Providers, Now is the Time to Change How we Document!

Premier Pulse     January 2023

Maigur_HS_350x350By Andrew B. Maigur, MD, system director, Premier Physician Advisor Program, Premier Health

While most of us rang in the New Year, either with friends and family or caring for our patients at the bedside, something changed in the regulatory world of health care with a considerable impact on provider revenue. As of January 1, 2023, the Centers for Medicare and Medicaid Services (CMS) and Outpatient Prospective Payment System (OPPS) 2023 Final Rule went into effect. To reduce the administrative burden on providers, CMS revised the Evaluation & Management (E&M) coding guidelines for inpatient providers.

Substantial changes were made, including eliminating E&M observation codes and combining inpatient and observation hospital E&M services into a single existing E&M code set. Understandably, this created a great deal of confusion, with providers assuming that observation status had been abolished. I want to clarify that observation status has not been eliminated. The two-midnight rule is still in effect for Medicare patients, and commercial payers will continue to use commercial criteria to determine admission status.

A tremendous change for the inpatient E&M code set is the elimination of required elements for the History of Presenting Illness (HPI) Review of Systems (ROS), family history, social history, physical exam, and the bulk of the weight now falls on Medical Decision- Making (MDM). Now more than ever, medical necessity documentation will play a vital role. Clearly spelling out the reason for hospitalization, enumerating potential medical risk to the patient if the condition were not treated in the hospital, and supporting daily hospitalization with a medical need adds to the complexity of MDM.

Clinical Documentation Integrity (CDI) positively impacts MDM, e.g., symptoms like "altered mental status" versus a diagnosis of "Acute Metabolic Encephalopathy" influences the complexity and severity. Document using descriptive words such as acute and chronic, rather than “history off,” severe, moderate, etc. Link diagnosis to possible etiologies, document treatment options, comorbidities that affect treatment and their clinical impact on patient outcomes. Avoid using generic words like "stable," which is subjective; instead, use "improving but not at baseline," which indicates the need for continued care in the hospital. Collaborate with the CDI and coding teams to enhance your documentation. CDI coding queries are not meant to question your clinical judgment but rather to improve the specificity of your documentation, which in return impacts your E&M coding.

Now is also the time to address the copy-and-paste and copy forward functionality in the EMR Electronic Medical Record (EMR). While we all agree copy and paste is an efficient, time-saving tool, when not used compliantly it can lead to inaccuracies, misrepresentation, and potential regulatory and medical-legal challenges. CMS concurs "healthcare professionals have stated that copying and pasting notes can be appropriate and eliminate the need to create every part of a note and reinterview patients about their medical history. However, The US Department of Health and Human Services Office of Inspector General (HHS–OIG) identifies illegitimate use of cut and paste record cloning as a problem."  In the new E&M guidelines, copying and pasting material when not updated or edited to accurately reflect the care provided during the encounter would not necessarily count toward medical decision-making. Also, copying and pasting test results without any analysis demonstrating clinical significance does not contribute to the level of data to review and analyze. Rather than copying forward a physical exam, document a new, medically necessary exam with pertinent findings for each patient encounter.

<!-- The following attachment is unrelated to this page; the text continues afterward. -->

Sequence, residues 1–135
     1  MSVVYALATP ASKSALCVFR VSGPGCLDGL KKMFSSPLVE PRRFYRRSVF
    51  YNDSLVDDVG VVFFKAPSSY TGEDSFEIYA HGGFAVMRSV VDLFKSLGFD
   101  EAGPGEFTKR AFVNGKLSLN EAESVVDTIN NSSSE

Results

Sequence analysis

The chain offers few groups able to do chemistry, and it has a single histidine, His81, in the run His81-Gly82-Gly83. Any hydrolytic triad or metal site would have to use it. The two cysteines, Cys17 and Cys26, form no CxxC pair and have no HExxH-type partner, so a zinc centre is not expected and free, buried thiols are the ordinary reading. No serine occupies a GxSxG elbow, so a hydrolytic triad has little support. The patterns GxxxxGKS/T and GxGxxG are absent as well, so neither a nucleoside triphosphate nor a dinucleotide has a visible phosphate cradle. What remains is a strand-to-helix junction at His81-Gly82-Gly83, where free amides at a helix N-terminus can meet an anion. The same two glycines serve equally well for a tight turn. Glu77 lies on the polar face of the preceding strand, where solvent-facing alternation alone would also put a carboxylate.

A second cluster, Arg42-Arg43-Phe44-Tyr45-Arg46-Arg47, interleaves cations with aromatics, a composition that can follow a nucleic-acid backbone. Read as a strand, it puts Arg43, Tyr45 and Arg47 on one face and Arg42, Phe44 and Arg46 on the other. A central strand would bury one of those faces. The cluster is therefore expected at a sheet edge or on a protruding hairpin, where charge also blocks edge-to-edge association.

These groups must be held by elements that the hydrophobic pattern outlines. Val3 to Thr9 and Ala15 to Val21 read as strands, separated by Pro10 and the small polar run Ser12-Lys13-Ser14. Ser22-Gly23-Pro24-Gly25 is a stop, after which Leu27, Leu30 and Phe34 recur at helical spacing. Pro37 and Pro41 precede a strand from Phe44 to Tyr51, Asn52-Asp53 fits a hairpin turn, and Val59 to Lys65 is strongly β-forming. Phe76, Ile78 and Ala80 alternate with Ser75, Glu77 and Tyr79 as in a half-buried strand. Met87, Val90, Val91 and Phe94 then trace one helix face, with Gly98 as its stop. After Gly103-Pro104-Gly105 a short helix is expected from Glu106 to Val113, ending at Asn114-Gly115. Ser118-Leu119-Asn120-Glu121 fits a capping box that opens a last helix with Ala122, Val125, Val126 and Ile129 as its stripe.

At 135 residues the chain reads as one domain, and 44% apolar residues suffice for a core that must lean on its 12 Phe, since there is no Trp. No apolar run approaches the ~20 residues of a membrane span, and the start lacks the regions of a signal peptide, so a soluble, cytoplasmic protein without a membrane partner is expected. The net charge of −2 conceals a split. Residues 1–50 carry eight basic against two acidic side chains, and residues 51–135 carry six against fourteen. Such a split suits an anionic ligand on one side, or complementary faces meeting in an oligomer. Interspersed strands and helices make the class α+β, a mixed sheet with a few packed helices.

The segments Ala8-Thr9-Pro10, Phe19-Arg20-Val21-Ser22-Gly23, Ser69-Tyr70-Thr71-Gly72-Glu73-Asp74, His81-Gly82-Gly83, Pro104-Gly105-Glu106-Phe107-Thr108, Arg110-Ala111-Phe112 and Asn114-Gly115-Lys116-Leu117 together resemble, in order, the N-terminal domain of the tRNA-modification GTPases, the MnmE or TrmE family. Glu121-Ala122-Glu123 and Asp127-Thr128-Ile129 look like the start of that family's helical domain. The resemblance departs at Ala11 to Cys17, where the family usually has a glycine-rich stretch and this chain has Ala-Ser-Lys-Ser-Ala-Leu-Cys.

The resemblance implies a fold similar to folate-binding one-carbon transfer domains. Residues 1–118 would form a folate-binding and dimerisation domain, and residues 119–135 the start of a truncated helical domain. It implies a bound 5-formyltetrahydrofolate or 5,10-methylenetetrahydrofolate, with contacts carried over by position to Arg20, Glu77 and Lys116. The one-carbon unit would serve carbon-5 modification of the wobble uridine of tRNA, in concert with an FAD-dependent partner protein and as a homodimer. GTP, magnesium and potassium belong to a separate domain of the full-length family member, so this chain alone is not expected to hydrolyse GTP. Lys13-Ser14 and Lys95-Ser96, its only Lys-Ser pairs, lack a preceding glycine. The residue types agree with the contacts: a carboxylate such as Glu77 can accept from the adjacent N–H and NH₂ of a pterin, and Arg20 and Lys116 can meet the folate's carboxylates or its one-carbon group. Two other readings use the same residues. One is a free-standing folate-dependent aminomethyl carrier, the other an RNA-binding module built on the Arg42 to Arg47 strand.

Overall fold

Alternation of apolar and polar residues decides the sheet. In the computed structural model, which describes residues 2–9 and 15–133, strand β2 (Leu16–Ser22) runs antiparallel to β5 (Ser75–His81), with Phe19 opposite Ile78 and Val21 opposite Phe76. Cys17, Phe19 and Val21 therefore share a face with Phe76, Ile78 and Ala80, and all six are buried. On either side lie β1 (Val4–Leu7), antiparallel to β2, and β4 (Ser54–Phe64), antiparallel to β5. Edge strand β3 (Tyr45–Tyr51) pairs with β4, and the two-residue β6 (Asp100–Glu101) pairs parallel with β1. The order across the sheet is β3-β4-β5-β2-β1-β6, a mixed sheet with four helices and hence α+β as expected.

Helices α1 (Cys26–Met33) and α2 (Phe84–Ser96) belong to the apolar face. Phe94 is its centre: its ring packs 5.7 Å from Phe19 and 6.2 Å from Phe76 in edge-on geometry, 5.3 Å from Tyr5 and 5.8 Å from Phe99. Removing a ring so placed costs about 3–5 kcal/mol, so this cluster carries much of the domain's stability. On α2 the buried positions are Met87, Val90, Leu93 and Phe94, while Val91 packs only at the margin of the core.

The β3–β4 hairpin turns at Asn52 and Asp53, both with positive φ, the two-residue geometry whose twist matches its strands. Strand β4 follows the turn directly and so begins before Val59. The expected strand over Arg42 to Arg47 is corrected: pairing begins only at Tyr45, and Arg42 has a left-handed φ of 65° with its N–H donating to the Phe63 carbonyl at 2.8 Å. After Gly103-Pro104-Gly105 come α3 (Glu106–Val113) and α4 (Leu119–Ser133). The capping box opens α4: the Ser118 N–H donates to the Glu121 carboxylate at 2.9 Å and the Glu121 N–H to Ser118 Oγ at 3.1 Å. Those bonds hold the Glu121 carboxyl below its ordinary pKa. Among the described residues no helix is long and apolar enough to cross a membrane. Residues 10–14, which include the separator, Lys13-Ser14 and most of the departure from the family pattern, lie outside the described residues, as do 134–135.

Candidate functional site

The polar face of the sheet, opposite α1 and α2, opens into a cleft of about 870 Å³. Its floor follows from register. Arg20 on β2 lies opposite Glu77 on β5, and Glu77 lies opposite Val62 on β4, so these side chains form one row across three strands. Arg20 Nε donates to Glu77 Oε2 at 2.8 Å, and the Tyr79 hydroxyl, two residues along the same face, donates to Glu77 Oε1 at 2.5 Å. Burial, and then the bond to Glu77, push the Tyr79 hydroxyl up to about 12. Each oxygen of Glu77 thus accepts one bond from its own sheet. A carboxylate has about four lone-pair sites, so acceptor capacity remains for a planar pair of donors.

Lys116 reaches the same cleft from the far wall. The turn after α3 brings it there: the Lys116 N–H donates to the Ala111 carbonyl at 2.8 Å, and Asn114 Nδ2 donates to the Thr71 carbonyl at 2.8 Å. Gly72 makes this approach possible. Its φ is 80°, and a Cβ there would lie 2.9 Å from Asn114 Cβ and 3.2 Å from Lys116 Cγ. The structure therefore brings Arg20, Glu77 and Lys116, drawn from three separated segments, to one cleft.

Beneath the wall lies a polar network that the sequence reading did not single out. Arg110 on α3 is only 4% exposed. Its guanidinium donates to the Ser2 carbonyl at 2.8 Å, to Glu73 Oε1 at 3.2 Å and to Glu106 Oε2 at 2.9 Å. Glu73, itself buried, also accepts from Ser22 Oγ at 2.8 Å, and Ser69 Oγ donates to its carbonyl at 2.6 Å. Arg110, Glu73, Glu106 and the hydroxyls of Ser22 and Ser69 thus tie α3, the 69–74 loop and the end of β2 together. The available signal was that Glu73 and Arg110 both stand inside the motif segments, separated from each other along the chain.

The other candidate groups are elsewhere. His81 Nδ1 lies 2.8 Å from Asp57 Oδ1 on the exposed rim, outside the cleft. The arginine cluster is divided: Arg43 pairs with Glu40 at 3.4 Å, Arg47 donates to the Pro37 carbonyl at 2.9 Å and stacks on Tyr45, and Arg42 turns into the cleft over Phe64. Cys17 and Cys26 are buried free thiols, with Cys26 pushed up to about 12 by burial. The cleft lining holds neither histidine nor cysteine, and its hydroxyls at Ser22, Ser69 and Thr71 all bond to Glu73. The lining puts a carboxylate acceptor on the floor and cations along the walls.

These guideline changes further bolster efforts to curb note bloat. Links that pull in historical labs, imaging test results, and procedure notes do not contribute towards MDM. Simply declaring the specific test results, medical records reviewed, and the clinical significance of the current episode of care would be sufficient. Several health systems have leveraged technology within the EMR and created specialty specific standardized note templates.  Using the functionality of hyperlinks, the provider can access distinct parts of the EMR from their note without pulling in extraneous data into the note while keeping their note open. The ability to create disappearing tips with rule-based decision support serves as real-time reminders to address documentation deficiencies that impact quality metrics and reduce the number of coding and CDI Queries, thus limiting workflow interruptions.

The medical record serves as a communication and handoff tool between providers and other care team members. It is also accessible to our patients, health-insurance payers, auditors, attorneys, etc. Now more than ever, we as a provider community have an opportunity to craft concise, accurate, clinically relevant, high-quality documentation with minor tweaks to our existing documentation practices and note templates.

Back to the January 2023 issue of Premier Pulse

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